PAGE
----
The first lockdown was imposed because something had to be done fast to keep people apart as face masks weren’t readily available.  But it was also because of the reason the subsequent lockdowns have happened – because a large number of people won’t follow rules and as such they have to be legislated into doing so.  We’re told to wear masks, many won’t; we’re told to stay two metres apart, they won’t; we’re told not to go to each others houses or gather in large groups, people gather in large groups and have parties at each others houses, or just continue to visit their friends and family like nothing’s happened. 

The lockdown measures aren’t the fault of the government or scientists but the arrogant and/or stupid who refuse to follow simple rules, who can’t compromise for a year – to go without socialising, to go without their holidays like most of us have.  If they’d be sensible then the pubs that they complain about being closed could still be open.

Those crying about losing their freedom would still expect the NHS to make them better if they catch the virus, they’ll probably also be the ones shouting loudest to get the vaccine first too. Our global situation needs cooperation not selfishness – we’ve seen plenty of the former but sadly too much of the latter.

[For those outside the UK the title refers to our Tiered Lockdown system, where we’re mostly in Tier 4, or is it 5?]

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Food, Psychology, Random, Society

A Pork Pie, Out of Place

Pies on a wall

Pies on a Wall image by Andy Vickers

I was once walking in the countryside of Yorkshire and saw two unaccompanied (presumably meat) pies on a dry stone wall, there was nobody within sight who could have left them there. What a waste of a good pie. A few years later and more locally…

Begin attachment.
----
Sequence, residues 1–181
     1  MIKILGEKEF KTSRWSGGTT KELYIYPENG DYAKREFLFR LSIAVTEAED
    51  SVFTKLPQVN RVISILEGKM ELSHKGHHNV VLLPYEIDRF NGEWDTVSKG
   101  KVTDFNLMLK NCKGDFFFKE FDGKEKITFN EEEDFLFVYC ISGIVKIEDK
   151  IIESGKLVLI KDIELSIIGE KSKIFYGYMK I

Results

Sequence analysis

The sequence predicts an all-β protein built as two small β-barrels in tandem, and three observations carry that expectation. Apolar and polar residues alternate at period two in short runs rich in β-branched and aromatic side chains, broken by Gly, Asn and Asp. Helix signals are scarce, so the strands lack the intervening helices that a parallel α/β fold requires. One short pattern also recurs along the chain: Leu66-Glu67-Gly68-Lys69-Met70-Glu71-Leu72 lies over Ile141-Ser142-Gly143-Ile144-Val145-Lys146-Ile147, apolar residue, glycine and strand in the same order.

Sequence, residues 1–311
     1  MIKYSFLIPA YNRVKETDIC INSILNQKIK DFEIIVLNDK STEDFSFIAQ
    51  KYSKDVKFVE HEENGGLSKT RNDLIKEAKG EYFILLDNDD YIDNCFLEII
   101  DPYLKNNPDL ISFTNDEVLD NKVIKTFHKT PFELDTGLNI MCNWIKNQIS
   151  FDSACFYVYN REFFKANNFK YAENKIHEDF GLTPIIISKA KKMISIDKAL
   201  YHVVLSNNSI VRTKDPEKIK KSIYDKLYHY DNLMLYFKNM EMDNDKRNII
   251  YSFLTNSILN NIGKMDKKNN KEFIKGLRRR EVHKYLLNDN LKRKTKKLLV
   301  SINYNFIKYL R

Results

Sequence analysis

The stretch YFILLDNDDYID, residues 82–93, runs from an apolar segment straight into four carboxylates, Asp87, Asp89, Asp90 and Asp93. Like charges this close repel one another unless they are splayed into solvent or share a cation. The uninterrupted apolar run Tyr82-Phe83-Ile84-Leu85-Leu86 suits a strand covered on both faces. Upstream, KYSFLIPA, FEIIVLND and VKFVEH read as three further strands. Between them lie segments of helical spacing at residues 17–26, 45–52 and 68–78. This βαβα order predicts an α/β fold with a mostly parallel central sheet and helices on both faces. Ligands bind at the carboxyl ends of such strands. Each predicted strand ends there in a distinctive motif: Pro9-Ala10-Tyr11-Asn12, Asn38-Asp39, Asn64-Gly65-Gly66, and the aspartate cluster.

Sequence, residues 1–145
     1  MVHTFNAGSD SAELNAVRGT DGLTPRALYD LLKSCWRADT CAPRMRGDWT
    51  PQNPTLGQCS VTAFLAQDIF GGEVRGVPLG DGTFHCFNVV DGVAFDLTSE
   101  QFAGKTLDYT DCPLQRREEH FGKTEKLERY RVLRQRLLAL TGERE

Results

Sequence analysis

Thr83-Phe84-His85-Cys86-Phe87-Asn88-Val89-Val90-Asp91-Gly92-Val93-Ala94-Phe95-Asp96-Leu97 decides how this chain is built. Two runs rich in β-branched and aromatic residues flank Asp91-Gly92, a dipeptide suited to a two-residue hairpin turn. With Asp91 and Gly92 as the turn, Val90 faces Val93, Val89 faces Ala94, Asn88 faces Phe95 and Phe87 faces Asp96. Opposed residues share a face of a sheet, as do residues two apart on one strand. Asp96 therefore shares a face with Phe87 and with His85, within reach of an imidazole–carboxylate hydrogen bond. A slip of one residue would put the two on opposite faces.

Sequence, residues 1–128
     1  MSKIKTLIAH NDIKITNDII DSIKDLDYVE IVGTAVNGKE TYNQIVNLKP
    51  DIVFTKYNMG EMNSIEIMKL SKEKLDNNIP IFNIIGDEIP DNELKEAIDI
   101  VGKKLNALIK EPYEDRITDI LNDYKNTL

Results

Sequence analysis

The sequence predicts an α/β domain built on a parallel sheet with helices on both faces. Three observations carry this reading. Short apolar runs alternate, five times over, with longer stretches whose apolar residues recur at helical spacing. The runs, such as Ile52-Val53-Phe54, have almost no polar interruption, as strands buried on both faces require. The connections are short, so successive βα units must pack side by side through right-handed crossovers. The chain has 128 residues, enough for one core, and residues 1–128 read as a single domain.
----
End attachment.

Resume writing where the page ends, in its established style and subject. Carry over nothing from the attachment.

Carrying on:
I looked in the discounted items fridge in the supermarket, saw a twin-pack of pork pies and put them in my basket. Only much later at home when I thought that I’d need to eat them as they’d be near their “use-by” date did I look at them and realise they hadn’t been reduced at all, I looked at my receipt and I’d paid full price for them. Someone had apparently seen some cheaper ones in the fridge and instead of returning the ones they’d put in their basket to where they were on the proper shelf they’d just stuffed them on the discount shelf, for someone else to put back presumably, as it’s their job to repatriate such items, of course. I check for the yellow “oops” stickers religiously now, especially if something seems too good to be, er, reduced.

I wrote the above a while ago, but strangely I’ve been seeing this much more since the covid-19 lockdown period began, all I can think of for this is that people appear to follow the rule of not putting things back on the shelf once you’ve touched them but instead wait until they’re on an aisle where no-one can see them and then they dump the unwanted pack of chocolate deserts amongst the bread.

Unless it’s a secret tactic by the supermarkets to tempt you into buying things you might not have noticed. Hmm, maybe not.  Strange days indeed.